Wondering what a traditional Indian wedding is like? This blog post tells the story of when my friends and I unexpectedly crashed a traditional Indian wedding in Delhi!
One night in Delhi we heard some music outside while we were finishing dinner and decided to investigate. One side of the street was full of men playing instruments and holding huge lamps that looked like jellyfish.
At first we just took pictures from the other side of the road, but the guests invited us into the procession almost immediately (being foreign and thus apparently a novelty.) There were several carriages covered in flowers and pulled by beautiful white horses, and there was a tent that was open at one side and filled with tables to eat at.
Next a car pulled up, and inside was the groom. We had crashed a traditional Indian wedding!!! He rolled down his window and shook our hands, saying that we were welcome to join the festivities. Then two elephants joined the procession, with their faces painted in beautiful colors. We were all so excited to see elephants for the first time! Little did we know how much time we’d be spending with these amazing creatures… (After all, the village I would teach at wasn’t called the Elephant Village for nothing!)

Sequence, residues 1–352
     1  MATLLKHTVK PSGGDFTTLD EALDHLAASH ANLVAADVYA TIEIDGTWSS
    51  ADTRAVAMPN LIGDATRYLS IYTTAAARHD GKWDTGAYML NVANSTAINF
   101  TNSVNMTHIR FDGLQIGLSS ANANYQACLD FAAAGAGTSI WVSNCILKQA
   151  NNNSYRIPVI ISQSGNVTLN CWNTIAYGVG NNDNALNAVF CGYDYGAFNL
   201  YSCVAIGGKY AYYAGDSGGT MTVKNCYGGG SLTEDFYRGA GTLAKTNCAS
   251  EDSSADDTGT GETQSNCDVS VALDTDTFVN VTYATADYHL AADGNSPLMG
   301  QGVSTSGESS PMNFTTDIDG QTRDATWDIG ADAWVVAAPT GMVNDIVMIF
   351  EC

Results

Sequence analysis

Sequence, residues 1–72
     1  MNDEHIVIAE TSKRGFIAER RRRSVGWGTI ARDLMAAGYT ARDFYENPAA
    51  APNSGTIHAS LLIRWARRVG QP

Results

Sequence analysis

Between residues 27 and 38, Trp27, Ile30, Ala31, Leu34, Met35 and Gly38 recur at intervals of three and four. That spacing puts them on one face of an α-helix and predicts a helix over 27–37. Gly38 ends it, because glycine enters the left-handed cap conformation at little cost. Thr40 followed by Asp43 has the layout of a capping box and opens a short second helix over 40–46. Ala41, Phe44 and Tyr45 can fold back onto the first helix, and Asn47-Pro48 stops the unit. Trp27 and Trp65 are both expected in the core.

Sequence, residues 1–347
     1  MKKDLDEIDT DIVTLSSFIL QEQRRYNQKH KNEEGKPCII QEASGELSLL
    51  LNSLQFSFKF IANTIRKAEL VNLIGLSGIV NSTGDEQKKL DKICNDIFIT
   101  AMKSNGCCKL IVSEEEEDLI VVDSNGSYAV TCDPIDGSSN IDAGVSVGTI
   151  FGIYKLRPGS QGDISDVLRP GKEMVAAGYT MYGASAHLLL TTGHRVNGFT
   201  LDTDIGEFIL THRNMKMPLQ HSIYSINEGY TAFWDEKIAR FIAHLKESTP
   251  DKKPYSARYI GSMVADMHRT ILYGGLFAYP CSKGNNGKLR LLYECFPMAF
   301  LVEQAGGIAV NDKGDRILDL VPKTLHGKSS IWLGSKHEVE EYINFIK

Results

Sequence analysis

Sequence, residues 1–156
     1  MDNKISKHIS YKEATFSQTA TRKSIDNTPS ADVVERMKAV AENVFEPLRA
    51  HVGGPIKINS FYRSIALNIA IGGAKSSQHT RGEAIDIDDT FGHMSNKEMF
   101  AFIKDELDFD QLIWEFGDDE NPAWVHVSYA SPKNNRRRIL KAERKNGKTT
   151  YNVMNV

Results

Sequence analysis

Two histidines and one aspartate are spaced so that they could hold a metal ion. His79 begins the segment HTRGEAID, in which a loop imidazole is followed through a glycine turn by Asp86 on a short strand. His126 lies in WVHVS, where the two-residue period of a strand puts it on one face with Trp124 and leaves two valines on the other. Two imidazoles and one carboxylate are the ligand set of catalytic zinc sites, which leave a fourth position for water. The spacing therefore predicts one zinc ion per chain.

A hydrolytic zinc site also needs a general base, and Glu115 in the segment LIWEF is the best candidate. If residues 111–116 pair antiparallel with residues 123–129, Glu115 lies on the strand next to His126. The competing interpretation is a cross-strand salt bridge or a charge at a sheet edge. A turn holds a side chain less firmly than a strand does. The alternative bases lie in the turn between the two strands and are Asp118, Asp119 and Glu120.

Then some men came with huge, curved horns and blew them at everyone who walked by. It was quite comical, and we all good a got laugh out of it!
There were two women in matching gold dresses that were very extravagant, so I think that they were the groom’s sisters. One of them grabbed me and asked to take a photo with me and the rest of the group (again, thanks to our status as white tourists).
A man brought a turban for Sam to wear, and with it, Sam looked like he belonged at the party. Between his turban and his tailor-made shirt and pants (that he’d bought earlier that day), he looked like Indian royalty. We would periodically lose sight of him, and then later find him dancing, surrounded by spectators.
Then a man grabbed Caroline and sat her on top of his drum. After the initial shock, she had a great time dancing and clapping while on the drum. Then Kelly, Jana and I also got to take turns sitting on the drums and dancing.
Then someone got a trumpet for Kelly to play, because she can play just about any brass instrument. Not only was she very good, but she could play along with the other musicians!
We wanted to stay long enough to see the actual ceremony, but our friend Surendra said that they would be in the street for two more hours before they even met up with the bride and her family. Did I mention that all this was JUST for the groom?! Surendra said that he had to be quite rich, probably some very successful businessman. Thus, we left around midnight – despite the protests of the other guests – to catch up on sleep and get over our jetlag. Still, crashing a traditional Indian wedding is one travel experience that I will never forget!
Want to know more about my travels in India? Click here to read about my previous excursion or here for the following excursion. Or, you can click here to read about all of my travel trips and adventures in Asia!
Happy Travels! XOXO Ann